Based on well-defined decision variables it is also much easier to assure correct implementation of them in operations. Typically, S&OP processes have many outputs: consensus sales forecast, production targets, financial targets … It is important to understand that some outputs are more important than others. In a well functioning S&OP process, some outputs become strict guidelines for operational planning processes while others are more like a management outlook. The difference is strongly linked to the key decisions in the S&OP process.

Let us stick to the same example: if we consider that market demand can be influenced by the sales force, the sales objective becomes a strict guideline. If however, we consider that sales volumes are not a decision variable, it makes little sense to consider forecasts as anything more than a best guess. In the first case, one can put in place a process to follow demand and shape it to the sales objective. In the second case it is much more important to have a process to detect important deviations from the forecast and adapt operations quickly to changes in market demand.

A clear view on the decision variables finally simplifies the definition of the right performance indicators. Choosing the right performance indicators is a crucial step in the process design. We cannot underestimate the effect clear KPI’s can have on people’s behavior. By monitoring the right performance indicators – and by acting upon them – a company’s management can quickly influence the strategic direction of the organization.

Too Short Planning Horizon

Although all leading resources on Sales & Operations Planning recommend a planning horizon of 12 to 24 months, we come across many companies that do S&OP on a 1 to 3 month horizon. The most recurring explanation for this phenomenon is “our sales people cannot forecast in a reliable way what is going to happen after that”. However, the reliability of the forecast should not be the main question. The most important questions to answer in determining the appropriate S&OP time horizon are “How much time does it take us to implement the S&OP decision?” and “How long will the S&OP decision influence our operational performance?”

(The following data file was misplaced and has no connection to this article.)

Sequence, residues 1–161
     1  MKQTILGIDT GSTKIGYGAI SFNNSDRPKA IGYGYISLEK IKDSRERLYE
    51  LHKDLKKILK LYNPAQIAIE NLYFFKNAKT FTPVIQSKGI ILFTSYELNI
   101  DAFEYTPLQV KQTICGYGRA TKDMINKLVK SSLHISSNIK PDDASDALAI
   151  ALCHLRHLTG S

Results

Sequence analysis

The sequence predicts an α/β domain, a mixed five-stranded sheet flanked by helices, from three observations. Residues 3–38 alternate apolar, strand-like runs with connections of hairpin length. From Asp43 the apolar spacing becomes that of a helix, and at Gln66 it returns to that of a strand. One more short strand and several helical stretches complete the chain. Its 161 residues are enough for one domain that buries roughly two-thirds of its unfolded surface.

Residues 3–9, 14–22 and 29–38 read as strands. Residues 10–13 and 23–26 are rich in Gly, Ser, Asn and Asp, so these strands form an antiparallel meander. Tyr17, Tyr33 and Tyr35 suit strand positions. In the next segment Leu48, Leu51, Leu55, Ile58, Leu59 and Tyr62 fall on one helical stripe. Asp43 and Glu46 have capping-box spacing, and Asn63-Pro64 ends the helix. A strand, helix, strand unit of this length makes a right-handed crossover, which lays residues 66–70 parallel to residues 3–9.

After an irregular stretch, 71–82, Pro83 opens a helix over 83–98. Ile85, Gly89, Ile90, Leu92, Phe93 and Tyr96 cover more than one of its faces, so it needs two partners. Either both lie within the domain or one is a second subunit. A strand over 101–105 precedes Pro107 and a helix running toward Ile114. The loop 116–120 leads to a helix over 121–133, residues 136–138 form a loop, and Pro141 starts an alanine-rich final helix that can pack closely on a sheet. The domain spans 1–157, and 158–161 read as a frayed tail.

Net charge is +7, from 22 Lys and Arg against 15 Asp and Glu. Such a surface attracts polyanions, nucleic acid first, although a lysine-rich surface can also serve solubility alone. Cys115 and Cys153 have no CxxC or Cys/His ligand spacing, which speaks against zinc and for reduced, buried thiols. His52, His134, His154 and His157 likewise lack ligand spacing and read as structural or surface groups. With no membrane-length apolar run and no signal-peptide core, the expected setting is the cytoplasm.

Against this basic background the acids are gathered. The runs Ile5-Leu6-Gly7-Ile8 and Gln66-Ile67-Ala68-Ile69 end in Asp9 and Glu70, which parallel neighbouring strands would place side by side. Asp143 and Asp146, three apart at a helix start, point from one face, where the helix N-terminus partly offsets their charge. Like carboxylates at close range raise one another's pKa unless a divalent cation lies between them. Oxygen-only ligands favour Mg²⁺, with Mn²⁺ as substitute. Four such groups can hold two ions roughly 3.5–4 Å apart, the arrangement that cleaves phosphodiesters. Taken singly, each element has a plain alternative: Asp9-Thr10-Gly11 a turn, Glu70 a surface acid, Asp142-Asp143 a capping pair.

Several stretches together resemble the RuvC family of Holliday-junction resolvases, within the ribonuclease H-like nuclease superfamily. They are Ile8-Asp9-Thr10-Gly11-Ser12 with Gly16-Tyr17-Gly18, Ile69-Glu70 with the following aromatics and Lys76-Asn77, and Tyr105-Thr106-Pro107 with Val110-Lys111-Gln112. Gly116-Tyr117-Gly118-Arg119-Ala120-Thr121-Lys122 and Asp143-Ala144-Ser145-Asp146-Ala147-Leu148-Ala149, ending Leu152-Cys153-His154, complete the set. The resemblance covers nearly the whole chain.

Let us look again at two examples. During the implementation of an S&OP process for a company in the building sector, the project team realised that the supply chain was subject to a very important seasonality with very high demands in spring and autumn and very low demands in winter and summer. Because of the company’s stocking strategy, this implied important stock build-up in some periods, and significant stock reduction in other periods. Every month, the S&OP team needed to reassess whether the inventory was at the right level to live through the next demand peak. As a result, the company needed to see at least the full seasonal cycle in every S&OP run. A 1 to 3 month horizon made no sense at all.

In another company, the project team identified that the volume commitment to some raw material suppliers was one of the key S&OP decisions. Because of the extremely high demand on these suppliers, the company needed to commit volumes on a 3 to 5 year horizon. It is evident that even a 12-month S&OP outlook is not sufficient in this – rather extreme – case but that a 5 year horizon is appropriate.

Too much detail … or too little

One of the hottest discussion points during the (re)design of an S&OP process is the level of detail. While some people strive to the highest possible detail, others push to look only at global figures. Both parties have a point. The “detailists” often argue that it is impossible to check the impact of certain constraints, such as production constraints or customer requirements on a global level. As a result, they aim for a plan on customer-article level. The “globalists” position themselves on the other side of the spectrum, arguing that S&OP should only look at the big lines. They conclude that S&OP should operate on 4 or 5 big product families.

The best practice is well-known. Leading authors recommend S&OP on ten to twenty product families. But how to identify them? Again, we suggest that you start from the decisions the company wants to make during the S&OP process. The level of detail of the S&OP process needs to be the highest possible aggregation level that allows taking the required S&OP decisions.